Saint Louis, MO (PRWEB) May 20, 2014
According to the lawsuit, Chad Hyman, 42, of Villa Grove, Illinois was injured four years ago while working as a locomotive engineer for Union Pacific Railroad Company when a 75 car freight train broke apart from the locomotive while operating in the railroad’s St. Louis Service Unit. Before the train’s emergency brakes could fully engage, the 10,000 ton train ran back into the locomotive in which Hyman was working, jarring the crew members due to the collision as they fought to prevent the train from derailing. He sustained head, neck and low back injuries for which extensive spinal surgery was performed by noted St. Louis orthopedic surgeon, Dr. Matthew Gornet. Before trial, the court entered summary judgment against Union Pacific finding that it had violated federal safety laws which resulted in injury to Hyman. The case was then set for jury trial to determine the nature and extent of his injuries from the incident and the amount of damages to fairly compensate him. Hyman, a 14 year employee of the railroad, sought compensation for his outstanding and future medical bills and lost wages. At trial, Union Pacific disputed the extent of injuries, pointing out that the black box event recorder revealed minimal collision forces from what was essentially a 2 mph collision which resulted in no property damage, no derailment, and no physical bruising to Hyman. The verdict was returned following 2½ hours of deliberation. According to Hyman’s attorney, Nelson G. Wolff of Schlichter Bogard & Denton:
Chad was a loyal and dedicated railroad employee who saved this runaway train from a derailment disaster. The railroad exposed him to needless danger by violating federal safety laws that require trains to be coupled together securely. The railroad’s denial that the collision caused any significant injury was soundly rejected by the jury. This verdict will allow Chad to pay for necessary medical treatment of his injuries and compensate for the loss of his railroad career.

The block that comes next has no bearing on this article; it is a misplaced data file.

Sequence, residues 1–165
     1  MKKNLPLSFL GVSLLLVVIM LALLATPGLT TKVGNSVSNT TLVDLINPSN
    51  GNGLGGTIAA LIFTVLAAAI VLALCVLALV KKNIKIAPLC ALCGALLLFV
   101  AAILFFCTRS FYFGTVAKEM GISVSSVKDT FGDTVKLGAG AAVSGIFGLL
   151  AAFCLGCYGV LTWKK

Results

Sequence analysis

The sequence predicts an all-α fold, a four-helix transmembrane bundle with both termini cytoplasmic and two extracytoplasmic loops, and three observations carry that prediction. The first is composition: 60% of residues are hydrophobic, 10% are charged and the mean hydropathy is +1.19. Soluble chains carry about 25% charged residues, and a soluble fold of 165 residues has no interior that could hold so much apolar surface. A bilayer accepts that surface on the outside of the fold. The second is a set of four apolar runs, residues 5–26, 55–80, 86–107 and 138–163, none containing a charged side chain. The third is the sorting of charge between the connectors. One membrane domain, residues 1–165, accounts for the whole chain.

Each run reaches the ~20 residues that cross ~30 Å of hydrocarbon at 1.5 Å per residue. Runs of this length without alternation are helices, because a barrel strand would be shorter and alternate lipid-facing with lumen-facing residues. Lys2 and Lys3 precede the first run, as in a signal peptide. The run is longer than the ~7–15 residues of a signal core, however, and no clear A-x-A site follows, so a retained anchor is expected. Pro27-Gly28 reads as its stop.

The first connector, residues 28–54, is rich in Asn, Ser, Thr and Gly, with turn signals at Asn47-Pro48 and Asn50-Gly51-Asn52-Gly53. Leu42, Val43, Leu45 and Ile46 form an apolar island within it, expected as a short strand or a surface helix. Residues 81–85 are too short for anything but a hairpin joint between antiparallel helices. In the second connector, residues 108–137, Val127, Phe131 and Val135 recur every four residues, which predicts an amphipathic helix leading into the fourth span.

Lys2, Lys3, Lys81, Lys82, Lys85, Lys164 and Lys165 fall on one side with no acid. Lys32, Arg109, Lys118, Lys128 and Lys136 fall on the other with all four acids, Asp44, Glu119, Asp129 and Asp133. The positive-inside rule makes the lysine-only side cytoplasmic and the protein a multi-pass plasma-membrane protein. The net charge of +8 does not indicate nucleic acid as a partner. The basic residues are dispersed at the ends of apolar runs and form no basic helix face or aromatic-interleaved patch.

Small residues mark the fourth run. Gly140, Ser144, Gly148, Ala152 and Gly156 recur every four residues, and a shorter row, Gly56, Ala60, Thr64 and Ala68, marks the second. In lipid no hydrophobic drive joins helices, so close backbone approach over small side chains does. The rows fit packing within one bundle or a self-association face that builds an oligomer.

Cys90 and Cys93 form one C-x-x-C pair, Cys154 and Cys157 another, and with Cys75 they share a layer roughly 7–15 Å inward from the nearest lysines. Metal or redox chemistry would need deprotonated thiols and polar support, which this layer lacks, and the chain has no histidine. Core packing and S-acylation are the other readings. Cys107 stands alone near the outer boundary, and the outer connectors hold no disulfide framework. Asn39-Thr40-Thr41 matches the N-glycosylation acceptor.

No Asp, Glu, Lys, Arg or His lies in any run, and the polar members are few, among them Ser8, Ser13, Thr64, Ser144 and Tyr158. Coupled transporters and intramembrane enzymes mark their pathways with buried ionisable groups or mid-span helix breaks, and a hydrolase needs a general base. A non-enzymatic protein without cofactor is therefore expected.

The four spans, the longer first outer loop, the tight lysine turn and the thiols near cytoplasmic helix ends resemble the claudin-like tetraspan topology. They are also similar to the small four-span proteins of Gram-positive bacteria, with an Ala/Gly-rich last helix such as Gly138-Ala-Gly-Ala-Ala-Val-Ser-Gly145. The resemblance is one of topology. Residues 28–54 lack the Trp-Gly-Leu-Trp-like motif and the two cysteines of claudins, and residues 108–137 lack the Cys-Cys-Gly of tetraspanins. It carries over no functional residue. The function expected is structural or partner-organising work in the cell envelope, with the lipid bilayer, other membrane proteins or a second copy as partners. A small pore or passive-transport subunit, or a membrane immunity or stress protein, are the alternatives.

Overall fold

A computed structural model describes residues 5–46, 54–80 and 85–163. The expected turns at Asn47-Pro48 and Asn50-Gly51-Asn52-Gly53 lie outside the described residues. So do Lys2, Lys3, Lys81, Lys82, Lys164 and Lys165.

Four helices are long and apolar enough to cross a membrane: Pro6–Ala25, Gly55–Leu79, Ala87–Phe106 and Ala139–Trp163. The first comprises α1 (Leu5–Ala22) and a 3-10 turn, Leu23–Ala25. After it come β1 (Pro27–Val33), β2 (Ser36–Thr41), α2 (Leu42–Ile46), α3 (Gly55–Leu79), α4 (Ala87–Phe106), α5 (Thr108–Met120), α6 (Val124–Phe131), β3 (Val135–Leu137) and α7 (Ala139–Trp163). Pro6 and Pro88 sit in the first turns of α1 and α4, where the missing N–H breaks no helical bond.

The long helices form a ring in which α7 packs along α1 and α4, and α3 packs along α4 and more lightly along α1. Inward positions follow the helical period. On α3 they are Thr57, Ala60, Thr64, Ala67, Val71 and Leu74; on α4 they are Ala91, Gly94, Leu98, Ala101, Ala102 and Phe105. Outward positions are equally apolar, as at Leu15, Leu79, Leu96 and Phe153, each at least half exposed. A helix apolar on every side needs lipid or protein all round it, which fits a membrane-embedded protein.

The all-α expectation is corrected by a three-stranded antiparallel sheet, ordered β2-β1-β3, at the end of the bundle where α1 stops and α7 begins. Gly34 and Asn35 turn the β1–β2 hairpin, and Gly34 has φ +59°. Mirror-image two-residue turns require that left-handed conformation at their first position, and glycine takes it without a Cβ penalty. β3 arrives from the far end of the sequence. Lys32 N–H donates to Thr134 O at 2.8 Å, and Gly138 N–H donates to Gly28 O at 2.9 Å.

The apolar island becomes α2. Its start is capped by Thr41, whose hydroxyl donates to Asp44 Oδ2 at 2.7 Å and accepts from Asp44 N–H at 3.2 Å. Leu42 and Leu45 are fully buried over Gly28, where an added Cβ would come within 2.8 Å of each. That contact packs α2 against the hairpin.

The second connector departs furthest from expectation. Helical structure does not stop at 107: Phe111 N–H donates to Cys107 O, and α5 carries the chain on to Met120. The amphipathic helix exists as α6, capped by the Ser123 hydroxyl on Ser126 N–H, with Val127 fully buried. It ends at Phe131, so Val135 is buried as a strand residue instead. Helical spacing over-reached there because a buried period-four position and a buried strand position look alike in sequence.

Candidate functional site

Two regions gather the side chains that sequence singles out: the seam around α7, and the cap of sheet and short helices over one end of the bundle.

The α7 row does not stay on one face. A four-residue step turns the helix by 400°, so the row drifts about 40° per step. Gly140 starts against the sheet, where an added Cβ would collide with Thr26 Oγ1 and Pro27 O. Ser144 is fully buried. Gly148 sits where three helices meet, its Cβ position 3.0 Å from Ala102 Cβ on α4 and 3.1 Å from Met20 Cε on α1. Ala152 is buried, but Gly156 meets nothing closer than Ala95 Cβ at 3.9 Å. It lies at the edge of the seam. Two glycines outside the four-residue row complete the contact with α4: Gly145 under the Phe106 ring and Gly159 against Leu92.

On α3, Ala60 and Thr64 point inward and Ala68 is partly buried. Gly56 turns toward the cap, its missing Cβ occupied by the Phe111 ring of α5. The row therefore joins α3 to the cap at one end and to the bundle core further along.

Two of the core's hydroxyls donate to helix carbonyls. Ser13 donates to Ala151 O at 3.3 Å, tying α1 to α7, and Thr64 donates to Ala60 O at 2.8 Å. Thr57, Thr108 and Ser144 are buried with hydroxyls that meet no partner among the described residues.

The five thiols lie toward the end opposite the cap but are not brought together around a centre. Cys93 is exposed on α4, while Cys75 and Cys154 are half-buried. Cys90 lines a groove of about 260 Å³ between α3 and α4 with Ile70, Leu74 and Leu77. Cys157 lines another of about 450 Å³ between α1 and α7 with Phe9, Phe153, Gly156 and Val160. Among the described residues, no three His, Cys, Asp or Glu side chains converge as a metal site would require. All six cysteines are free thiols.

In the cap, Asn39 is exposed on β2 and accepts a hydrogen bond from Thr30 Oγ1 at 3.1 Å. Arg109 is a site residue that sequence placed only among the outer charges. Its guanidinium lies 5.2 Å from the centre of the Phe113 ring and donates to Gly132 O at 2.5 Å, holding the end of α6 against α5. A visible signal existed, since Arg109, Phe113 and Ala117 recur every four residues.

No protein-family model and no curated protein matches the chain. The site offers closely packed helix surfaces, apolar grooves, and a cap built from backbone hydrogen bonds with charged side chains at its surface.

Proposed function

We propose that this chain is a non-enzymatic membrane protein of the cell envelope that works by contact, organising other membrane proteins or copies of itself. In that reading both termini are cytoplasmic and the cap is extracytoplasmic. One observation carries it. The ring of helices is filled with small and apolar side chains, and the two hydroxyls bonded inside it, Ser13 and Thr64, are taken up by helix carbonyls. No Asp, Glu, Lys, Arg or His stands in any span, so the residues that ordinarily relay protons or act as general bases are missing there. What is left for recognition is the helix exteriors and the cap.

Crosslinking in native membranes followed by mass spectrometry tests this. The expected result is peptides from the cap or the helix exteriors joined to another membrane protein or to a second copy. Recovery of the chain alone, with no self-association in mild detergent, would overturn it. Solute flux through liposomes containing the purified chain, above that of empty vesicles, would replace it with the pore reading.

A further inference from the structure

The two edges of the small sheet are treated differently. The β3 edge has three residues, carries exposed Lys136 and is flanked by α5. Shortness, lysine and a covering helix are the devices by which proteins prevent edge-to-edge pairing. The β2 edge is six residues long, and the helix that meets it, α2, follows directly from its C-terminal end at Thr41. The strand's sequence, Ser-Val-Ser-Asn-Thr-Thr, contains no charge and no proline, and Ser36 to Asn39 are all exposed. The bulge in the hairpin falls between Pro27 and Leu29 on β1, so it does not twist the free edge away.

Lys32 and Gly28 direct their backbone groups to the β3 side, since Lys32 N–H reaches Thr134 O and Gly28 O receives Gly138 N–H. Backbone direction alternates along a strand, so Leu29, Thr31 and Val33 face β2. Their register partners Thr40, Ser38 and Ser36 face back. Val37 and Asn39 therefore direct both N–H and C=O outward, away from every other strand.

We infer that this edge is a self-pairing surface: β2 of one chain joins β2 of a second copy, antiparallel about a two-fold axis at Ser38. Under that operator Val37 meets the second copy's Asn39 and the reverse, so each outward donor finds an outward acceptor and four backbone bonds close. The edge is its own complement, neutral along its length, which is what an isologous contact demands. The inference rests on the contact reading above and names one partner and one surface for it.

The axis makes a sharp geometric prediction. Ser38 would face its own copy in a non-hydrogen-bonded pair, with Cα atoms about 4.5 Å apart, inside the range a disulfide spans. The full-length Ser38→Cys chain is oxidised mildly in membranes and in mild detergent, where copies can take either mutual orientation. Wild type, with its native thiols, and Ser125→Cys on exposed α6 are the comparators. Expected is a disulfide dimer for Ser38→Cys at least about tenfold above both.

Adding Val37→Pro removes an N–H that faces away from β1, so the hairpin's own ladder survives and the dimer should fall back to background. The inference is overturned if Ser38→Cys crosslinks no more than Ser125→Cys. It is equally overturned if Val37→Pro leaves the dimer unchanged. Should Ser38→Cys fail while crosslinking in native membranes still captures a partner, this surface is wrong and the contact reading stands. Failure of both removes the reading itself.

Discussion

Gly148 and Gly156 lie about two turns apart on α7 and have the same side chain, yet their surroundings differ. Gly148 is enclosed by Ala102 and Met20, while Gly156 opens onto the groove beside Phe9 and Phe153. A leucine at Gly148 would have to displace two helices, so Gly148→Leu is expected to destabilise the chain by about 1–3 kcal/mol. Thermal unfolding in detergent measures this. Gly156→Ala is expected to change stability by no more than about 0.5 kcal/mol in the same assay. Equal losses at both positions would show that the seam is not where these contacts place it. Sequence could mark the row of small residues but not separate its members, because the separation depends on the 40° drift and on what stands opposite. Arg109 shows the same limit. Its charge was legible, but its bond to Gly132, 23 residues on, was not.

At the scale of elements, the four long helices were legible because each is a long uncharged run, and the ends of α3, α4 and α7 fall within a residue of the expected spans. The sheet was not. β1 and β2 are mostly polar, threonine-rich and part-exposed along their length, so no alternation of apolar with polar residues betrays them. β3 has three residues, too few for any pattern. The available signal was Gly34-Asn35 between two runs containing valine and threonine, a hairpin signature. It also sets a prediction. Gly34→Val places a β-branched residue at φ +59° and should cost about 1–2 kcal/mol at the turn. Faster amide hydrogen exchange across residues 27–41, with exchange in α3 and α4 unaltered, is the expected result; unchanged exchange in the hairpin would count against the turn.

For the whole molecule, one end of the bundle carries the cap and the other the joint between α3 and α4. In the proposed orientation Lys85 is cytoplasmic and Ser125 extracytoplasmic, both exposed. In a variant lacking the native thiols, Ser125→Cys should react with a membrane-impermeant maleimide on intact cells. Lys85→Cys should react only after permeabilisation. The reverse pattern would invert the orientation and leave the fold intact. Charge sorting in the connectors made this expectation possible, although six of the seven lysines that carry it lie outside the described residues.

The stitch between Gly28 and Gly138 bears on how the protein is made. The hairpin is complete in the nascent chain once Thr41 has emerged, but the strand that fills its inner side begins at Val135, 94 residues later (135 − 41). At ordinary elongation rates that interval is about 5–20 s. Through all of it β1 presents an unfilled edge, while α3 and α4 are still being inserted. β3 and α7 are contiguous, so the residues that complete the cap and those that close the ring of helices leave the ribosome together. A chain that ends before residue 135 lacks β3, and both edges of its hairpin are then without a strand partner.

The case was brought under the Federal Employers’ Liability Act or FELA because railroad employees are not covered by state workers’ compensation laws. The case was tried before Circuit Judge Mark D. Seigel and reportedly is one of the largest FELA verdicts in the history of St. Louis County. Hyman was represented by Nelson G. Wolff of Schlichter Bogard & Denton, of St. Louis. Hyman v. Union Pacific RR Co., Case #11SL-CC01865, Circuit Court of St. Louis County. The full amount of the judgment, plus court costs and post-judgment interest was paid by Union Pacific after trial without any appeal or post-trial motion. The Judgment exceeded the Railroad’s pretrial offer by over $1million.
***Please call Nelson G. Wolff at 314-621-6115 for further details or questions***